The coast is dynamic. That is, it changes – with the tides, with the seasons and with the climate; and so too should our approach to it, or so claims the recent Consultation on Coastal Change Policy, issued by Defra (the Department for Environment, Food and Rural Affairs). This article explores some of the issues facing planners in coastal areas and examines the response to them in the Department for Communities and Local Government’s (DCLG’s) Consultation Paper on a New Planning Policy on Development and Coastal Change.
The construction of coast erosion and flood defences over the years has created the impression that resisting the action of the sea in particular locations will somehow achieve a static state within which we can act with certainty about the future. In the face of sea level rise, however, it has become all too apparent that this is a false assumption, and ‘coastal change’ has for the last two decades become an increasingly common phrase.
Many of our coastal resort towns grew in the 19th and 20th centuries behind flood and coastal defences (and the promenades that went with them) first engineered by wealthy Victorians. This was obviously not the first time the natural line of our coast had been manipulated; however, it was the Victorians who created, on a large scale at least, the process which is perhaps the root of many of the coastal challenges we face today: the cycle of defend-develop-defend. But protected settlements are only secure from erosion if the defences can be maintained, which with rising sea level becomes technically more challenging and increasingly more expensive to achieve.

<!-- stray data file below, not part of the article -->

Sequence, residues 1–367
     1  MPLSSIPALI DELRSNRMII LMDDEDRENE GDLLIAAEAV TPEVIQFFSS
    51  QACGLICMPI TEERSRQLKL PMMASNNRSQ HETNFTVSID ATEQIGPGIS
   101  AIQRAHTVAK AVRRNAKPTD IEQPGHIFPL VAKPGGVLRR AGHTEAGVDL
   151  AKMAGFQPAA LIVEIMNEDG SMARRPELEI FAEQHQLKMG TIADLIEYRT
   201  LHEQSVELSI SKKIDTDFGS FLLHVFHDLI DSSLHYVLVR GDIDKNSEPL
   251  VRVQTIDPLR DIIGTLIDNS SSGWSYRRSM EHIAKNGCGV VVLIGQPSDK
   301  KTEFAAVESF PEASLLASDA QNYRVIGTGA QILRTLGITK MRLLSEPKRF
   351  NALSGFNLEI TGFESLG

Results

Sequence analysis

Read the full article
November 9, 2009
Home owners who face losing their East Anglian properties to coastal erosion were offered the hope of receiving proper compensation last night.
The chairman of the Environment Agency has suggested that the government sets up a buy and lease scheme along the region’s coast.
Lord Smith said that authorities such as North Norfolk District Council should be given funding to purchase and then lease back up to 250 homes that are likely to fall into the sea in the next 20 years. (more…)
November 8, 2009
The coastlines of Norfolk, Suffolk and Lincolnshire have been particularly vulnerable to the sea with many losing their homes without compensation.
Lord Smith has told BBC Look East local councils should buy up homes threatened by the sea and then lease them back. (more…)